At CHOGM, Buhari Tells IOCs, Foreign Shipping Lines to Stop Aiding Oil Theft
President Muhammadu Buhari yesterday cautioned international oil companies and financial institutions as well as international shipping lines against helping and encouraging oil thieves to perpetrate frauds in the Nigeria’s oil industry.
Buhari, who spoke at a group meeting of Commonwealth leaders on corruption chaired by Prime Minister David Cameron of Britain at the Commonwealth Heads of Government Meeting (CHOGM) in Malta, believed corruption in the oil sector had also thrived because of the ease of transferring illicit funds abroad and the institutional protection given to corrupt officials in the past.
“Now that we have the political will to stop impunity, we need the cooperation and assistance of the international community. “We must all work together to compel multinational oil companies, international financial institutions and international shipping lines to stop aiding and abetting corruption in the oil sector in Nigeria,” Buhari told the gathering which included the leaders of Australia, Canada, Singapore, Malta, Sri Lanka, Botswana and Trinidad and Tobago.
A statement by the Senior Special Assistant to the President on Media and Publicity, Mr. Garba Shehu, disclosed that Buhari told the gathering that corruption in the oil sector and outright theft of Nigeria’s crude oil had been exacerbated by the culture of impunity which reigned under previous administrations.
The President therefore made a passionate appeal to the international community to do more to support his government’s efforts to curb corruption in Nigeria’s oil and gas industry. In his opening remarks at the meeting, Cameron said the Commonwealth and the international community must do more to fight corruption and promote good governance.
“We care passionate about this issue of fighting corruption. In my view, this issue needs to have a much higher billing on the international agenda, not just because fighting corruption is right in itself, but because all the other things we want to achieve as countries and members of the Commonwealth depend on our success in doing so.
“If we want fair economic growth, we need to reject corruption. If we want to see fair and sustainable development, we need to deal with corruption. I think this is an absolutely vital issue. It is an issue for all of us because so much of the money stolen from developing countries is hidden in developed countries.
“So dealing with money laundering, dealing with beneficial ownership and making sure we stop stolen money being hidden away in developed countries is absolutely vital,” the British Prime Minister said.
Besides, Buhari told a gathering that included Her Majesty, Queen Elizabeth II and other heads of state and government participating in CHOGM that Boko Haram terrorists had killed 10,000 Nigerians and displaced over 2 million people internally. A statement by his Special Adviser on Media and Publicity, Mr Femi Adesina, said Buhari spoke at a banquet hosted by Her Majesty, Queen Elizabeth II for heads of state and government.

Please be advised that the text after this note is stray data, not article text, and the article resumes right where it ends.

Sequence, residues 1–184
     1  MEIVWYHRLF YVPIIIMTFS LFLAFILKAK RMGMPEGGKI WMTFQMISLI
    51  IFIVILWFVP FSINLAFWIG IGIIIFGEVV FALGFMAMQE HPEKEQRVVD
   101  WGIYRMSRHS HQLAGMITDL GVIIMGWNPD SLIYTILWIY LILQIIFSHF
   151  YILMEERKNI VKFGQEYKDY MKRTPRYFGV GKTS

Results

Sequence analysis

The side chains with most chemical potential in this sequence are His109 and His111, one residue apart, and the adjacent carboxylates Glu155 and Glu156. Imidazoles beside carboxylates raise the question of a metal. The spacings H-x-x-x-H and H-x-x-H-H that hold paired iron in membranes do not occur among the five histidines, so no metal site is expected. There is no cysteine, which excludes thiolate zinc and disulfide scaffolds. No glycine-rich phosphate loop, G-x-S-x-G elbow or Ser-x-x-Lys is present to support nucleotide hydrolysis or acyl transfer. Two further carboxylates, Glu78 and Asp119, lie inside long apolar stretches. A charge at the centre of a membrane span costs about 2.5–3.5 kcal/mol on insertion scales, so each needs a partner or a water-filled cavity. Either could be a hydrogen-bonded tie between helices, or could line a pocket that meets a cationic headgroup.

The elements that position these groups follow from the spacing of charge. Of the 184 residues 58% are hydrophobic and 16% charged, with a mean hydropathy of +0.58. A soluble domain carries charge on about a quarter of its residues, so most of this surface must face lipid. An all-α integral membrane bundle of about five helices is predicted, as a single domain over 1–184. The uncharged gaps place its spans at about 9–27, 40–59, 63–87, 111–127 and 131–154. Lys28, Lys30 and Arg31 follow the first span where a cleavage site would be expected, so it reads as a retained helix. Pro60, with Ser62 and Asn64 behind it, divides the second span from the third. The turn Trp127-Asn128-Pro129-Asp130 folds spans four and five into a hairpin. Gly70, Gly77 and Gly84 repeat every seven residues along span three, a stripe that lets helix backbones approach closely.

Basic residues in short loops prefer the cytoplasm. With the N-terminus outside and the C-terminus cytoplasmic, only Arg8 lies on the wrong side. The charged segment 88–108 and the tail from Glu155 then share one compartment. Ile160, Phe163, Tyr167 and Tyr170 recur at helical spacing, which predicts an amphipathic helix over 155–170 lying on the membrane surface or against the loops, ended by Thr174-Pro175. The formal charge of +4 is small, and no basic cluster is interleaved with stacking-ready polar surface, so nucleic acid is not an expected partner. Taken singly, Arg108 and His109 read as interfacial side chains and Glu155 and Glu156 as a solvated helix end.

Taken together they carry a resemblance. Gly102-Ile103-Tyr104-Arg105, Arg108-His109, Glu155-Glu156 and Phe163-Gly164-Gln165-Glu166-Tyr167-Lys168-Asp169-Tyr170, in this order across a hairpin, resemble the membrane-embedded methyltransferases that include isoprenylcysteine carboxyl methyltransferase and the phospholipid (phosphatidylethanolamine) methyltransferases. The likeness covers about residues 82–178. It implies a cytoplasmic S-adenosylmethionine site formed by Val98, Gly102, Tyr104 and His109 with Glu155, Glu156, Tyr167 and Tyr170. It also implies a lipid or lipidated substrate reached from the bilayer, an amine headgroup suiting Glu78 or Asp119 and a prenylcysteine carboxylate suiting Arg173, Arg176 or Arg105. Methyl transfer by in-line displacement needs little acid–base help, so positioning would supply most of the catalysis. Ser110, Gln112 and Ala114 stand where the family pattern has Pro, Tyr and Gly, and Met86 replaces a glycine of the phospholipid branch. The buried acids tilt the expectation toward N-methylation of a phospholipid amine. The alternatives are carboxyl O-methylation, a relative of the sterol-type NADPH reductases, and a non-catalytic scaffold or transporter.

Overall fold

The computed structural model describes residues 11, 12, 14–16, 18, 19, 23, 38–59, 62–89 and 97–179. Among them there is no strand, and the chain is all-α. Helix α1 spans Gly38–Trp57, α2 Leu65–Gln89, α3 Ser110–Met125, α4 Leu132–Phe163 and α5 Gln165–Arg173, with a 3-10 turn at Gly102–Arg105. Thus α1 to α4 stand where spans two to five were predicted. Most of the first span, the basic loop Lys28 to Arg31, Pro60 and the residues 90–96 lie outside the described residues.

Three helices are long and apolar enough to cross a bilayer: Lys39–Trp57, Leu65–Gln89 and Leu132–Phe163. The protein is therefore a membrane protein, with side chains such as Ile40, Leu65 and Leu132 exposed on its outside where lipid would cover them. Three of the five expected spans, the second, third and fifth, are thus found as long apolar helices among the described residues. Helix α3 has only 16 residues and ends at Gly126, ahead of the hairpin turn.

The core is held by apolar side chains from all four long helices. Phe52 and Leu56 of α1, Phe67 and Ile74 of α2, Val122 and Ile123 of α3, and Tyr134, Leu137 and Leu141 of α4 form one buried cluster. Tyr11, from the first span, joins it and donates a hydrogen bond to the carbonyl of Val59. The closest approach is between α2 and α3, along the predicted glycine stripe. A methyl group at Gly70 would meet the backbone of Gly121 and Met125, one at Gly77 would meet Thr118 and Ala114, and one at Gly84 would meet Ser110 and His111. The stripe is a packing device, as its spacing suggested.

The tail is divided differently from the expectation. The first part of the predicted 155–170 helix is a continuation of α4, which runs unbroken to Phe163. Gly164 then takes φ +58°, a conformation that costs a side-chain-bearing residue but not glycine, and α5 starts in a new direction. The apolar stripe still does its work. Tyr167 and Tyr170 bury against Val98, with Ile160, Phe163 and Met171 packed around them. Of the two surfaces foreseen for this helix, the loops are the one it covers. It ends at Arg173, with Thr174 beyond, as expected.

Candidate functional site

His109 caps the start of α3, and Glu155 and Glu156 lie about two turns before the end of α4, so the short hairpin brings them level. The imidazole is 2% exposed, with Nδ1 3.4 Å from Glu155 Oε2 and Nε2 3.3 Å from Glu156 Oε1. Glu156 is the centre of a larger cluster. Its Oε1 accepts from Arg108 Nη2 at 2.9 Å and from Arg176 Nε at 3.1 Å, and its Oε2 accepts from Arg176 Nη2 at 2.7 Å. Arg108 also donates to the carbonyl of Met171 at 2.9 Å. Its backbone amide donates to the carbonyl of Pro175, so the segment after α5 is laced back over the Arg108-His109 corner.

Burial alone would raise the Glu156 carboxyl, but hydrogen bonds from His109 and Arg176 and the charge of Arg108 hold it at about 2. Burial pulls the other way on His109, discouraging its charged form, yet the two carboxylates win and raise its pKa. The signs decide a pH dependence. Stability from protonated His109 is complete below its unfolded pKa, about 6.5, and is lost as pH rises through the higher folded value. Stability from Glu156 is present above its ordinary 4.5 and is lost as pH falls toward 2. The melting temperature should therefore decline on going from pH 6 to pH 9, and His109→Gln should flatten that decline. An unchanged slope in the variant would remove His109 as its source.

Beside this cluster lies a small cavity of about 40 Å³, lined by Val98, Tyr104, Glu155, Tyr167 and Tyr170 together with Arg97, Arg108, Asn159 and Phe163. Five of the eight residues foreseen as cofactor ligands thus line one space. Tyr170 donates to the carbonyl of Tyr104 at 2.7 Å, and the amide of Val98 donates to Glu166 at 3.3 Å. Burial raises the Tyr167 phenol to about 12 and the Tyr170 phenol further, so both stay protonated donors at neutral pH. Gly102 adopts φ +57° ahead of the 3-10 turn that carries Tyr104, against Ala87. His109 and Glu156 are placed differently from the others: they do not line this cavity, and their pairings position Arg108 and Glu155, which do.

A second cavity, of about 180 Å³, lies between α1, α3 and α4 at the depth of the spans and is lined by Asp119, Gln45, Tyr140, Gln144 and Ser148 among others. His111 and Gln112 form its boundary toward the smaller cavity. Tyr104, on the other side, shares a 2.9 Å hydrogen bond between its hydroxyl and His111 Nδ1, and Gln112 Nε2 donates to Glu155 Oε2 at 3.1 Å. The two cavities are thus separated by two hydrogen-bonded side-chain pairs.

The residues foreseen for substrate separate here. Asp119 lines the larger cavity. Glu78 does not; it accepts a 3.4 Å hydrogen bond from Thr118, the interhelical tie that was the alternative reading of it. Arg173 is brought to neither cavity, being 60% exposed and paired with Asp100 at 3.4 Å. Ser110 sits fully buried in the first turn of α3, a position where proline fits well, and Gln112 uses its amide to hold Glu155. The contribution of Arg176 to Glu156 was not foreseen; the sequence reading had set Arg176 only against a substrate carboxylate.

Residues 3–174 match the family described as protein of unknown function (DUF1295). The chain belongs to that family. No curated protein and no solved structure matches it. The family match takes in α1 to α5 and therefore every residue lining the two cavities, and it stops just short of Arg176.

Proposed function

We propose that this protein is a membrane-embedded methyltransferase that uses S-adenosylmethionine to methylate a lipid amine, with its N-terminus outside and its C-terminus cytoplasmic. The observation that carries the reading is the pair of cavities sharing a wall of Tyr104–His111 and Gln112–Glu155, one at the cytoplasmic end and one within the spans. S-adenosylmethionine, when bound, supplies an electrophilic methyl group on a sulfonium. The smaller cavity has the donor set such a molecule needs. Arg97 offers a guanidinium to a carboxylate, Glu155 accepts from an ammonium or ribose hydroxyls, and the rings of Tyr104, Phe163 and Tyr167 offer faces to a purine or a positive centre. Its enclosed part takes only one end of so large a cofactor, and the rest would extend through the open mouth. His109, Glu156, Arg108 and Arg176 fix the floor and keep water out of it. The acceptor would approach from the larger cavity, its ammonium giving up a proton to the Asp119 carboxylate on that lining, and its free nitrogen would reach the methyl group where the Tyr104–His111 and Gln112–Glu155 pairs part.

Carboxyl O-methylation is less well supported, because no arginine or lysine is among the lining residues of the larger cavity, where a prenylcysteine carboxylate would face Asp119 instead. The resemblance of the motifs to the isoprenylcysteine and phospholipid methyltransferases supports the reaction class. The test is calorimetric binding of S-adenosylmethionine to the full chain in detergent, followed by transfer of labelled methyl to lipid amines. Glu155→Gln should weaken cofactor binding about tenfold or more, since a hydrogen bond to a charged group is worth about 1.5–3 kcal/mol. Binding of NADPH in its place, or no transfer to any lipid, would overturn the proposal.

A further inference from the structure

To stop these casualties, Buhari called for the establishment of a Commonwealth Committee to oversee the rendering of greater assistance and support to Nigeria and other member-countries that had been adversely affected by the scourge of terrorism. Buhari expressed the hope that the committee would have been established before the next meeting of the organisation.
The president said he also expected the committee to visit member-countries of the Commonwealth where terrorist organisations had established a foothold with a view to evolving practical strategies for more meaningful assistance to the affected countries. Buhari urged the Commonwealth to show greater resolve in helping Nigeria and other developing nations in its ranks to overcome the challenges of economic development, security, terrorism and corruption.
“With the improvement of global communications, terrorism has no borders now. What happened recently in France had a profound effect on all of us, but very few countries realise that Nigeria has suffered terrorist casualties of over 10,000 killed in the last six years. “Right now, we have over two million internally displaced persons, most of whom are women and children, and most of the children are orphans,” the president told the Queen and Commonwealth Heads of State and Government.
He informed the gathering of efforts by Nigeria and other members of the Lake Chad Basin Commission to curb the menace of Boko Haram and added that the problem of terrorism in West Africa had been aggravated by the collapse of the Gadhafi regime in Libya. “We have agreed to a joint task-force for the elimination of Boko Haram, but it may not be easy, especially after the events in Libya when trained people with weapons moved back to Sahel region from where they were recruited by the former Libyan leader.
“Those weapons and expertise in their use are now aggravating the situation in the Sahel and further south,” the president said. While calling for greater international support for Nigeria and other countries affected by terrorism, Buhari expressed his administration’s appreciation of the assistance already being received from the Commonwealth, Britain, the Group of Seven Industrialised Nations, France and the United States.
“I am grateful to Britain, France and the United States. They have already sent teams to train the Nigeria Military and Police in the control of terrorism. “The Commonwealth has helped us in so many ways by the visible support they have been giving to help us overcome the problem of terrorism.” The Queen’s Banquet at which he spoke was also attended by the Secretary-General of the United Nations, Mr. Ban Ki-Moon.